- In the future, car shoppers will see more high-tech safety features on lower-priced vehicles, Ford told Edmunds during a safety update on Monday.
- Consumers can expect "a proliferation of these kinds of features across product portfolios," said Steve Kenner, director of the Ford Global Automotive Safety Office, in an interview.
- Dealer feedback also factors into the process of rolling out new safety technology.
DEARBORN, Michigan — In the future, car shoppers will see more high-tech safety features on lower-priced vehicles, Ford told Edmunds during a safety update on Monday.
Consumers can expect "a proliferation of these kinds of features across product portfolios," said Steve Kenner, director of the Ford Global Automotive Safety Office, in an interview.
The high-tech features include sophisticated collision-warning systems, and, further down the road, vehicle-to-vehicle communication.
"As we develop new features, they may be offered first on a Lincoln product, then we want to spread them across our entire portfolio, consistent with consumer interest in those features," Kenner said.
Dealer feedback also factors into the process of rolling out new safety technology. Ford relies on dealers to gauge the importance of various safety features to potential buyers.
That information is then taken into account, along with other data, to assist in the development process.
Ford says car buyers are more interested than ever in vehicle safety features and that consumers will play a significant role in shaping the future of automotive safety technology.
"There's a global convergence going on, where people are increasing the importance of safety in their purchasing decisions," Kenner said. "And we do research where we ask customers to what extent safety factors into their purchasing decision."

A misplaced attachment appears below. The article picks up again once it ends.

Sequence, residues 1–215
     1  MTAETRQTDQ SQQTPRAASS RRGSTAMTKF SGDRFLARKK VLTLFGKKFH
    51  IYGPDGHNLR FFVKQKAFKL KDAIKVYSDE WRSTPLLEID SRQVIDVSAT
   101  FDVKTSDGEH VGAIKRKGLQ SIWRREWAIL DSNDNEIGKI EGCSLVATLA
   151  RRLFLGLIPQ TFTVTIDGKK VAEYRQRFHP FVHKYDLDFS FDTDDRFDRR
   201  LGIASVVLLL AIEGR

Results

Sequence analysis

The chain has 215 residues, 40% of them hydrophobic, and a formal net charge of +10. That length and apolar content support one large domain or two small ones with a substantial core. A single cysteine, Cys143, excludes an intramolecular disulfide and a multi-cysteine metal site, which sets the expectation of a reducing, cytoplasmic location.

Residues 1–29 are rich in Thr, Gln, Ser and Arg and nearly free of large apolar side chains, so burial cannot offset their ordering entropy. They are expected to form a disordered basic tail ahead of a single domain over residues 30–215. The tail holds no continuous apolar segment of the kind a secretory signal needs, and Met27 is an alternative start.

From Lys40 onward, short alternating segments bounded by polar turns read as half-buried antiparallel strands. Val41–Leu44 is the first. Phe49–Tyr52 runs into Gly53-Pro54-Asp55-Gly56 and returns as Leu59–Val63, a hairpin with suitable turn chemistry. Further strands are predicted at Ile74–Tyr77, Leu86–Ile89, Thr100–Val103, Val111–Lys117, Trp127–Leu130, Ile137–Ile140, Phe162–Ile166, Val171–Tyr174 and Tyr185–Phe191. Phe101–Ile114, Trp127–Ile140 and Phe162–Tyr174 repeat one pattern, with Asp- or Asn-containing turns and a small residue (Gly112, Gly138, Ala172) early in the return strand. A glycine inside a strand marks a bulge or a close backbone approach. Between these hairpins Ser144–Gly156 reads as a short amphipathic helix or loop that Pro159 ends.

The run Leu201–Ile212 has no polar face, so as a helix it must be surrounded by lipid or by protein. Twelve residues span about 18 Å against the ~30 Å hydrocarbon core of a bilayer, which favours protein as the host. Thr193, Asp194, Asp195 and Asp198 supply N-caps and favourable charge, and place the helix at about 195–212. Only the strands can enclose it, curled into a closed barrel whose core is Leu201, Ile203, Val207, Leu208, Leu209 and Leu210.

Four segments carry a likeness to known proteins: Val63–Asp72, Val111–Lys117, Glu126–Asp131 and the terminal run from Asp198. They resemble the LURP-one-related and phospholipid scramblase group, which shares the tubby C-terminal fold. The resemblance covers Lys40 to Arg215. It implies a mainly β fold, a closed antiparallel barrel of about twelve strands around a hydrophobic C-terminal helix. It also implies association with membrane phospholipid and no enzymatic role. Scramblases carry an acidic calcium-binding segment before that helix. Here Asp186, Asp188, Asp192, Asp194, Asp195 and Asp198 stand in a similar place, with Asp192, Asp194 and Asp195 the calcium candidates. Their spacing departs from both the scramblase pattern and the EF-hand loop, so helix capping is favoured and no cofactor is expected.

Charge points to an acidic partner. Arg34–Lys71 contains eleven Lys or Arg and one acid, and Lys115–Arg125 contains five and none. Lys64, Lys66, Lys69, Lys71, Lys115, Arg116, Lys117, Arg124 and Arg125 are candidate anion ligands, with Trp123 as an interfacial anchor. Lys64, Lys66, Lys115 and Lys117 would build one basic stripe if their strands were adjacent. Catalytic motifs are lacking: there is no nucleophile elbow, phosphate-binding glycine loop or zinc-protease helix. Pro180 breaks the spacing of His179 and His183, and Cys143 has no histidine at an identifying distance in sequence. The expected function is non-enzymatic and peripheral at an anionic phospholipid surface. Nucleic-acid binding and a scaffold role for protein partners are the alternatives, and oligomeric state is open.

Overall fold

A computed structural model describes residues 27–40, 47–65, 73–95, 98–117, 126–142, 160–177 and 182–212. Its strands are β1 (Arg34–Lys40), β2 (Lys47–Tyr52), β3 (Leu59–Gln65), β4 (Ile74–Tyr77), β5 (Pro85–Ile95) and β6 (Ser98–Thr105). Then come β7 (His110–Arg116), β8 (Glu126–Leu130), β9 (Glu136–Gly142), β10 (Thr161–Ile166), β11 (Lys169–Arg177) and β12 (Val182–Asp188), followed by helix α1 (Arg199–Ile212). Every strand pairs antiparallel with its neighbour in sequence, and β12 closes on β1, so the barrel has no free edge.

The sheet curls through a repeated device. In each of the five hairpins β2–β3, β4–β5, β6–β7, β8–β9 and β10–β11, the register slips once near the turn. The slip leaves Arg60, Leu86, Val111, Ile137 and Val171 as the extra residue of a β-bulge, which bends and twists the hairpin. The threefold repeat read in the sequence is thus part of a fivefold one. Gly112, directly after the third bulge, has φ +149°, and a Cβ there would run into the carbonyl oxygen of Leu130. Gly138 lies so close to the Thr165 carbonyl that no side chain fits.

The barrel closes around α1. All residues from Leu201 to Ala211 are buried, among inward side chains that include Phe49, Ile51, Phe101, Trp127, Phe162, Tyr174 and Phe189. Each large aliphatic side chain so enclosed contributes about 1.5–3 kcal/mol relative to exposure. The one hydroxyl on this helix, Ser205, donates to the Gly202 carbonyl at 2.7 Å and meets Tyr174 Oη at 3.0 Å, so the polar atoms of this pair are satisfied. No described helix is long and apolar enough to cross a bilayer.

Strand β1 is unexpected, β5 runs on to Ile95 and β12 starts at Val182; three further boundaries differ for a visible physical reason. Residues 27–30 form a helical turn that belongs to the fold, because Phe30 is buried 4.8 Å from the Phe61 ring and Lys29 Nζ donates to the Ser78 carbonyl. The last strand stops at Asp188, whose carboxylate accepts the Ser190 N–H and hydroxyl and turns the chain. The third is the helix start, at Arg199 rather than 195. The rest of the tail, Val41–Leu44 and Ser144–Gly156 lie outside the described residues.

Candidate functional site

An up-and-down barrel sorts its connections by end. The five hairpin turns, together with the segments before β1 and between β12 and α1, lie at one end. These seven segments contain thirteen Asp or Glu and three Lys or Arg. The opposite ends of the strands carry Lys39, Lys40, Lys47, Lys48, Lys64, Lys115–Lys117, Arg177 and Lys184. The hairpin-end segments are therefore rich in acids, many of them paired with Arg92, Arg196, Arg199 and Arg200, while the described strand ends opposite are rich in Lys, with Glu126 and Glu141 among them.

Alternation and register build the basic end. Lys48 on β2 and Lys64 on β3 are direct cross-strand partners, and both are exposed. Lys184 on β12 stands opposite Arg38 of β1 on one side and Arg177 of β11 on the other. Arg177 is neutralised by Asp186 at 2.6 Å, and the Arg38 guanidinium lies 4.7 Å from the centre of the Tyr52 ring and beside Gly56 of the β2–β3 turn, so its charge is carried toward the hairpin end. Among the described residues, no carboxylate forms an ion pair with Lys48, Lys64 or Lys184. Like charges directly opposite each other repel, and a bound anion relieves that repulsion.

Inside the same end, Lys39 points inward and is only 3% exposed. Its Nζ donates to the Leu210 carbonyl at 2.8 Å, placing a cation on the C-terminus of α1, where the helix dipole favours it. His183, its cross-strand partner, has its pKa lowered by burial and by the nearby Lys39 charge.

Of course, safety features — especially some of the latest high-tech ones — add to vehicle costs, raising the question of how much consumers are willing to pay for more sophisticated crash protection and avoidance.
Earlier this month, a 2014 Ford Explorer became the 20,000th vehicle crash-tested by Ford since 1954. On Monday, Ford announced that it is increasing its investment in crash-test computer power by 50 percent this year.
The amped-up computing capability will not only allow more data to be collected more quickly, but also speed up the process of conducting virtual crash tests.
Ford and other automakers, along with federal safety regulators, are diving deeply into vehicle-to-vehicle communication.
"If you look at it historically, first we had sensors that sensed a crash and deployed airbags," Kenner said. "Now we have radar for collision warnings and cameras for lane assist. The next frontier will be vehicles communicating with each other.
"They'll say, ‘I'm four cars ahead of you on the expressway, and I'm going zero mph.' Your car's sensors won't know that yet, but the car will learn it from the other vehicle."
Edmunds says: In the future, even the most modest vehicle will be loaded up with sophisticated safety systems, according to Ford prognosticators.